Digital Media - The Essential Internet Economy


Archived report. In 2013 it is heartening to see that more and more people are getting the message that the network means more than just fast internet access. Increasingly key decision-makers in business and government are reaching an understanding of the transformation that is underway in the economy. A positive outcome from the financial crisis was that it resulted in global attention turning to new infrastructure developments; facilitating a unique opportunity to shift the broadband emphasis from a high-speed Internet service to a national infrastructure for the digital economy that will underpin a range of positive social and economic developments. These developments are also referred to as the Internet of Things and M2M, of which the digital economy will play a key role.

E-commerce is just one sector that will benefit from improvements in infrastructure and a trans-sector approach to governance; e-government, e-health, e-education, social media and e-science are also important elements of a digital economy. This report outlines the key elements and considerations required to grow the digital economy further.

Latest developments:

In 2012 the Internet Economy was worth around $2.5 trillion across the G-20 economies; In June 2011 the OECD highlighted that the strength and dynamism of the Internet depends on its ease of access to high speed networks, openness, and on user confidence. For this to happen it agreed upon a number of basic principles for Internet policy; making this an important step in ensuring that the Internet remains open and dynamic.

Table of Contents

  • 1. Synopsis
  • 2. The issue is the digital economy, not broadband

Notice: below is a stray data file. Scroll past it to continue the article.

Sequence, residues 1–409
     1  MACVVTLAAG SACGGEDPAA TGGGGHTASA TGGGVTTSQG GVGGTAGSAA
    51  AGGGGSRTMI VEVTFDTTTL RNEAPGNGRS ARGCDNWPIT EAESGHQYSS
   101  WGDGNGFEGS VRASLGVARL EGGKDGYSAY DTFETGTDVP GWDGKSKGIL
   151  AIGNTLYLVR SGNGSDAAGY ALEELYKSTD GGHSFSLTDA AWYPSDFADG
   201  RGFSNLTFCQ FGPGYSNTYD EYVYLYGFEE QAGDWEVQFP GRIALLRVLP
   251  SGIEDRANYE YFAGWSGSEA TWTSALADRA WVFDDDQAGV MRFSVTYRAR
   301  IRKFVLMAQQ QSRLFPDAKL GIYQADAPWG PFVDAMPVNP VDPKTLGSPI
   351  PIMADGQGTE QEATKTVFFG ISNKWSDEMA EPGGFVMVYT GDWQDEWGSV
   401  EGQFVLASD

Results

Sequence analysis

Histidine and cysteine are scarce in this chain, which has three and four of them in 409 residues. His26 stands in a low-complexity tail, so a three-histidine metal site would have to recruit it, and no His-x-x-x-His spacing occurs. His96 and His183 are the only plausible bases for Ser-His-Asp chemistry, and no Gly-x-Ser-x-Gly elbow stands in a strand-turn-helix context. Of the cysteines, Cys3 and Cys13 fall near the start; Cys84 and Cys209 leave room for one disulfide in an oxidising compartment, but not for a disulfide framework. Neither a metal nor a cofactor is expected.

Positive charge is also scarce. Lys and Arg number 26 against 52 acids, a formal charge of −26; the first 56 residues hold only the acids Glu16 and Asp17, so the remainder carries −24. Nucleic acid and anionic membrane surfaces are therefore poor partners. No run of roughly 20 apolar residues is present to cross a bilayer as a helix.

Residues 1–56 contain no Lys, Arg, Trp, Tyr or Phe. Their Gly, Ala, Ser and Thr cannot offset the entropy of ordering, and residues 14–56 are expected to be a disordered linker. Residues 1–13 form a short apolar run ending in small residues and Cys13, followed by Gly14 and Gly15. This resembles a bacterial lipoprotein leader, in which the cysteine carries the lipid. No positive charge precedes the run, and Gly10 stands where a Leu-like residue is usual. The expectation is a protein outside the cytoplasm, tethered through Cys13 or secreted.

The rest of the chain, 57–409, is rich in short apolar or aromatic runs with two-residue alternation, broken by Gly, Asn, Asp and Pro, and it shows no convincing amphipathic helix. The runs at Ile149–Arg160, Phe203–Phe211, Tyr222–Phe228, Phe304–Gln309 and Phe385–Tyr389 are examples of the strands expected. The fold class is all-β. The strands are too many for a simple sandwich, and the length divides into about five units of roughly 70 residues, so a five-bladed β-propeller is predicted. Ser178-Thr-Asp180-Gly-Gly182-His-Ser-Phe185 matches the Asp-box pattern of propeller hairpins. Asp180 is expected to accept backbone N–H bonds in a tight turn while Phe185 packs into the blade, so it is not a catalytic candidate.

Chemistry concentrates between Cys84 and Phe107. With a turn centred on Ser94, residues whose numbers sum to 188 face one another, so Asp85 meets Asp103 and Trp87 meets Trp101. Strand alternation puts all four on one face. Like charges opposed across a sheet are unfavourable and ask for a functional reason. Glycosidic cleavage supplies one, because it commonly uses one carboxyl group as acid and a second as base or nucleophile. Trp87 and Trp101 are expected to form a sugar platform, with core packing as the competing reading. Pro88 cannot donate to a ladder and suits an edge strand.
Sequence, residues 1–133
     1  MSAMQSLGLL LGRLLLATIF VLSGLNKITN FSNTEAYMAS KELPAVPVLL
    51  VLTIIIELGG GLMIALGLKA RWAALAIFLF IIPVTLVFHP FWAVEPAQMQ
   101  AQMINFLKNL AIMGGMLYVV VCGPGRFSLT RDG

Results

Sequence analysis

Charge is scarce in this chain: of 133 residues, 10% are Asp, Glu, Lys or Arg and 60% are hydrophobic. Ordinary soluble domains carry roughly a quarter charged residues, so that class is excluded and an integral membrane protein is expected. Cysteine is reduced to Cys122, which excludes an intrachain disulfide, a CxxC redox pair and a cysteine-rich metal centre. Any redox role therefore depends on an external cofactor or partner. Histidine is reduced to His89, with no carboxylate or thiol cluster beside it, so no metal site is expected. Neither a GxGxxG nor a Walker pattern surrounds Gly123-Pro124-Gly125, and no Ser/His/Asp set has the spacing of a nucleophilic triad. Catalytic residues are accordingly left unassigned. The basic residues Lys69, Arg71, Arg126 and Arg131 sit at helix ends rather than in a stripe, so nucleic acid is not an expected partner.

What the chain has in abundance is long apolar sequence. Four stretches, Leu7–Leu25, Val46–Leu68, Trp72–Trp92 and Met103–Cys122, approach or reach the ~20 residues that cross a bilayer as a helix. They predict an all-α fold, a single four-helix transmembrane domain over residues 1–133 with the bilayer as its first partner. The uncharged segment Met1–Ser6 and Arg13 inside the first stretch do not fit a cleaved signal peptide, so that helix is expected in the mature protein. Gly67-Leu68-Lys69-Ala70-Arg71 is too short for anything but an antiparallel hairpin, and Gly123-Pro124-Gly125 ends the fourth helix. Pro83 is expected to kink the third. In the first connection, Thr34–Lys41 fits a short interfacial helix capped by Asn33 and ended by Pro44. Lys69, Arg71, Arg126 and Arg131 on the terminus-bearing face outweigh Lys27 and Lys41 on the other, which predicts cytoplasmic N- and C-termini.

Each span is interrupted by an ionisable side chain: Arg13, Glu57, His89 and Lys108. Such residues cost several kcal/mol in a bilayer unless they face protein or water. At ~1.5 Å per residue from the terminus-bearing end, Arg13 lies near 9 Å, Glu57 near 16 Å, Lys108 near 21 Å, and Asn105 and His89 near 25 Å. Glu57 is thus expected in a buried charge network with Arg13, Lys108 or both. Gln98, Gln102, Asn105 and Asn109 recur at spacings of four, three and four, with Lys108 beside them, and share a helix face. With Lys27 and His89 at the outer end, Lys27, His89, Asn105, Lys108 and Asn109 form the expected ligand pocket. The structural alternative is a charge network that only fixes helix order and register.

• 3. Infrastructure essential for the digital economy
    • 3.1.1 Governments play a key role in shift
      • 3.2 M2M and The Internet of Things (IoT)
    • 4. Can we fast-track the digital economy?
      • 4.1 Future internet considerations
    • 5. International discussion
      • 5.1 WCIT underway at a flying start 04 Dec 2012
        • 5.1.1 The buzz, debates and misinformation
        • 5.1.2 The stakes have increased
        • 5.1.3 Separating the many issues
        • 5.1.4 ITU and ICANN working together
        • 5.1.5 Security
        • 5.1.6 Rules for rates
        • 5.1.7 Connecting the Global Village
      • 5.2 The OECD on the Internet Economy
      • 5.3 The relationship between local content, internet development and access prices
    • 6. The emergence of mega-communities
    • 7. Key sectors for the digital economy
      • 7.1 Key elements
      • 7.2 Smart grids and the environment
      • 7.3 E-commerce
      • 7.4 E-government
        • 7.4.1 Benefits of e-government
      • 7.5 E-health
      • 7.6 E-education
      • 7.7 Social media
    • 8. Key requirements of the digital economy
      • 8.1 Broadband
      • 8.2 Trans-sector approaches
      • 8.3 Open access
      • 8.4 Internet neutrality
    • 9. Conclusion: digital economy services
    • 10. Related reports
    • Table 1 – Global e-commerce spending – 2011 - 2013
    • Table 2 – Global investment in e-government – 2010 - 2016
    • Exhibit 1 – Digital economy – key developments
    • Exhibit 2 – Popular online activities
    • Exhibit 3 – Digital economy – key developments
    • Exhibit 4 – European Commission e-commerce five priorities - 2012
    • Exhibit 5 – Examples of common web based e-government applications
    • Exhibit 6 – Snapshot of health care spending around the world

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    Broadband Fixed
    Digital Economy
    Digital Media
    Smart Infrastructure
    Strategies & Analyses (Industry & Markets)
    Telecoms Infrastructure

    Number of pages 24

    Status Archived

    Last updated 26 Feb 2013
    Update History

    Analyst: Kylie Wansink

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